The first day of Tet is usually spent with the family and the following days with the extended family. “It is one of the most important festivals of the year” Dao Tuan says. “It is a time for me to stop all work so I can spend time with family […] I can relax, visit my parents, my relatives and my friends who I don’t meet very often.”
Jade Ngo, a 27-year-old student who has been living abroad since she was 14, has her doubts about family meddling during the holiday. “It comes with all your standard family drama and people asking when I’m going to get married, but it is good overall, especially for someone like me who spends most of my time away from home.”
The family you spend time with is not always the same as when you were a child. “When I was a child I enjoyed Tet with my parents and brother, but now I’m married so I must spend Tet at my husband’s house with my parents-in-law,” Dao Tuan says. “However, the atmosphere of Tet has not changed since I was a child.”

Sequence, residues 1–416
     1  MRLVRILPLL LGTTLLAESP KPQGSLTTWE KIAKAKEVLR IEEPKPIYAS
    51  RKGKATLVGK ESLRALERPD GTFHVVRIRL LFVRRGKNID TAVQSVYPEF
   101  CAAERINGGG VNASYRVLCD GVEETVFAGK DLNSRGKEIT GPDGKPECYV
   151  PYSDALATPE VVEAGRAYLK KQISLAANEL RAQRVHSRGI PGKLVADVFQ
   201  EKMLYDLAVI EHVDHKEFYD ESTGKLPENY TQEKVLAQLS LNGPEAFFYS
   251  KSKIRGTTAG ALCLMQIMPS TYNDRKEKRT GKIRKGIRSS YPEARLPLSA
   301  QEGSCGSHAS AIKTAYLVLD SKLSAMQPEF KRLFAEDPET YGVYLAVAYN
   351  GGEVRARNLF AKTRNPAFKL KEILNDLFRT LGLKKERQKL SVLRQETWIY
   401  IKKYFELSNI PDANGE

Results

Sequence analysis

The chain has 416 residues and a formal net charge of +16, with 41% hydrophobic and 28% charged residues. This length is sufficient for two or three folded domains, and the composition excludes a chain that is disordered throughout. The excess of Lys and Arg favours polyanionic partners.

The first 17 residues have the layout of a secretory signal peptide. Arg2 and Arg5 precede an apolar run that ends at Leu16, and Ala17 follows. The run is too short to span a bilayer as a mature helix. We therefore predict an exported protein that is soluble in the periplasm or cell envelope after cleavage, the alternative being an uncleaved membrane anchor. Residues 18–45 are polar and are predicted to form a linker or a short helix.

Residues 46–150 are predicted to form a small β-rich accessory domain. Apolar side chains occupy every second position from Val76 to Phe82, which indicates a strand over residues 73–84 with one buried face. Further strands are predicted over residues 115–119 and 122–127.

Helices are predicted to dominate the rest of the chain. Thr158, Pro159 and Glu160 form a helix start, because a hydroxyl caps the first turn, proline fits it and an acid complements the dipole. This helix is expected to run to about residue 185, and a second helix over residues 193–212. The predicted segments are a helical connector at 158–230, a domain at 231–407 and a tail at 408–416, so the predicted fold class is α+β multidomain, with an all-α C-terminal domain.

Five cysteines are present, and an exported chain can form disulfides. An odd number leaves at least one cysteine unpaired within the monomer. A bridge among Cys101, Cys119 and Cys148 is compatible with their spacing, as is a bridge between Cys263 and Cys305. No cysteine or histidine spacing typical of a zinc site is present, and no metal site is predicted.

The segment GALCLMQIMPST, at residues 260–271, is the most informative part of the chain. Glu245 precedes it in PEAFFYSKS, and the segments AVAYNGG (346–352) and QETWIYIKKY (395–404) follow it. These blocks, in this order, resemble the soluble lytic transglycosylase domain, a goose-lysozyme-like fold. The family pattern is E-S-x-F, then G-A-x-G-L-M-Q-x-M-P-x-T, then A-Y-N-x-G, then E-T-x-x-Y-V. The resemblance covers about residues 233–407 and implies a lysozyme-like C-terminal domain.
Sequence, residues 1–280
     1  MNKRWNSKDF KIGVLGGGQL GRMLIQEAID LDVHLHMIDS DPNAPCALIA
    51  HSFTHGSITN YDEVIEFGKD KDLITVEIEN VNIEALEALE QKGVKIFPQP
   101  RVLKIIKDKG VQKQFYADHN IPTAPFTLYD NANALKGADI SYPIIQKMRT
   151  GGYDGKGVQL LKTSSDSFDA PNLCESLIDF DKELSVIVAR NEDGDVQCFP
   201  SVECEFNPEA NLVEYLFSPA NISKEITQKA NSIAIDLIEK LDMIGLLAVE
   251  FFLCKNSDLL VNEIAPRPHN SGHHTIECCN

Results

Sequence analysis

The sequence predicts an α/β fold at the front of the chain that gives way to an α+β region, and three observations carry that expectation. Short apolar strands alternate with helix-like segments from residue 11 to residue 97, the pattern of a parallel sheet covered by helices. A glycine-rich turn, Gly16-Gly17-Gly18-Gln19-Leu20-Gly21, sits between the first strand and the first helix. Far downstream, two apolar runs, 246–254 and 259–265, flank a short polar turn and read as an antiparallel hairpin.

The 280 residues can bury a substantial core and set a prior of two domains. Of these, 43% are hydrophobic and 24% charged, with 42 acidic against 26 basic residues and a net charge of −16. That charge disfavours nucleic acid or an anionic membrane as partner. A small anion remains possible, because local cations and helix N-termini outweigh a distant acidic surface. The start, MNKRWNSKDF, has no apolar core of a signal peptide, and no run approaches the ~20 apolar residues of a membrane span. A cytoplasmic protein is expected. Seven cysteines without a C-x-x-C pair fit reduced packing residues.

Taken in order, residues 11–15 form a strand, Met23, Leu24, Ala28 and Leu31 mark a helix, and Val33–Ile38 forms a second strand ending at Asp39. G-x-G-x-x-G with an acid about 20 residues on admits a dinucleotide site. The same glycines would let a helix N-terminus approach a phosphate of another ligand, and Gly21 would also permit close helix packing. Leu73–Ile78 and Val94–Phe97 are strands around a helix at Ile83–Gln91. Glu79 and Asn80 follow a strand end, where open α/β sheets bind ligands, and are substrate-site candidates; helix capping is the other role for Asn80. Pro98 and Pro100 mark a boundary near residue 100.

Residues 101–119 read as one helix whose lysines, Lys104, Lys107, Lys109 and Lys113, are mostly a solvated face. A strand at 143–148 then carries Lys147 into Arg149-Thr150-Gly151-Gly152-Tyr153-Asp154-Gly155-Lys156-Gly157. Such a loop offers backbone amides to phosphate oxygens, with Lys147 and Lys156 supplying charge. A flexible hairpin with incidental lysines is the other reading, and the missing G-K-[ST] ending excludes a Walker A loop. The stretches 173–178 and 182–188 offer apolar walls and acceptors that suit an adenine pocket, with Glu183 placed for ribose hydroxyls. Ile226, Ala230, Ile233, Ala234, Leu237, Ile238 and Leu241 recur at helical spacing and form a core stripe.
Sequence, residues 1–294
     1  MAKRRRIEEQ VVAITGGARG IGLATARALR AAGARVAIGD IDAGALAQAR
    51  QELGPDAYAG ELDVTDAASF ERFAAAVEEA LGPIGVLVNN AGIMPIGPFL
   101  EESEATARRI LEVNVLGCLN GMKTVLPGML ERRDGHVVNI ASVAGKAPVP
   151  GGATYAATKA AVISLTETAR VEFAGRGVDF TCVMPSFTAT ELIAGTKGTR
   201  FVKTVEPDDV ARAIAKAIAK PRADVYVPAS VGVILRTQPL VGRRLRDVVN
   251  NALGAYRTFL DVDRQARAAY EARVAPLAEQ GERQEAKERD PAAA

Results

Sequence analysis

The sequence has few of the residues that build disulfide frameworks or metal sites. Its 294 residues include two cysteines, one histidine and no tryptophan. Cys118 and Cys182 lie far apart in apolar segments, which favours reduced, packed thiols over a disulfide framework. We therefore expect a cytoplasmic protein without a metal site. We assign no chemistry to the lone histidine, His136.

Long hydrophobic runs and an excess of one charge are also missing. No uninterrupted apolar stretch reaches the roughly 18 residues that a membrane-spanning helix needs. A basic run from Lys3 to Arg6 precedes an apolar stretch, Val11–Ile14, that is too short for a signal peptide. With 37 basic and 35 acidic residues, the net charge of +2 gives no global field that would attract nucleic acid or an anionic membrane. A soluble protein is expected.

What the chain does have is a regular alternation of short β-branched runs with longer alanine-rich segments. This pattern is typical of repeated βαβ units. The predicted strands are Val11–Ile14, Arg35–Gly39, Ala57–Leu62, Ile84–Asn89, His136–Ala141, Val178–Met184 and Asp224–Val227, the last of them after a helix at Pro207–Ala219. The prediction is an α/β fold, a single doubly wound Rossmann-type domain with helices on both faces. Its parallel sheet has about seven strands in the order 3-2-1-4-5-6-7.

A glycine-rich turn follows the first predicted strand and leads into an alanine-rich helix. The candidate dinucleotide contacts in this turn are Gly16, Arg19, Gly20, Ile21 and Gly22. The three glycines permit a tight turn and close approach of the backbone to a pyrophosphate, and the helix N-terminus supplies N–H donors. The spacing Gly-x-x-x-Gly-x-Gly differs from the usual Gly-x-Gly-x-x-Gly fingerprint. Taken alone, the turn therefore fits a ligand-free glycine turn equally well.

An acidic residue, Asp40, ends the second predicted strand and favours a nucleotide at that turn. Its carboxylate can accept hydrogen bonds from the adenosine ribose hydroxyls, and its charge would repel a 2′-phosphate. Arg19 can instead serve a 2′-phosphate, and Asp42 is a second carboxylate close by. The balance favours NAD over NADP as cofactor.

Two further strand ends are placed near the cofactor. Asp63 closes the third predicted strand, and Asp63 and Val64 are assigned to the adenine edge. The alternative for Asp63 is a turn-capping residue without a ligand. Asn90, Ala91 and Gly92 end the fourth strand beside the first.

Phuong Anh who recently moved to New Zealand and spent her first Tet away from home last year says, “I know Vietnamese people living in New Zealand, so we made rice cake and other food that people usually make during Tet. It wasn’t big celebration, but I was happy to not be alone during the holiday.”
“My favorite thing was to climb on the big green tree far away to see the majestic scene when the firecrackers were lit and exploded in the sky. It was really exciting to hear that shrill and ear-splitting sound. It tore down the sky and reminded me of the war-victory that we had in the past.”
The weeks leading up to Tet are busy – traffic jams full of motorbikes with kumquat or peach blossom trees strapped on and bags of groceries hanging off the handles. Shops often prepare a great deal in advance to ensure they have enough stock to satisfy customers.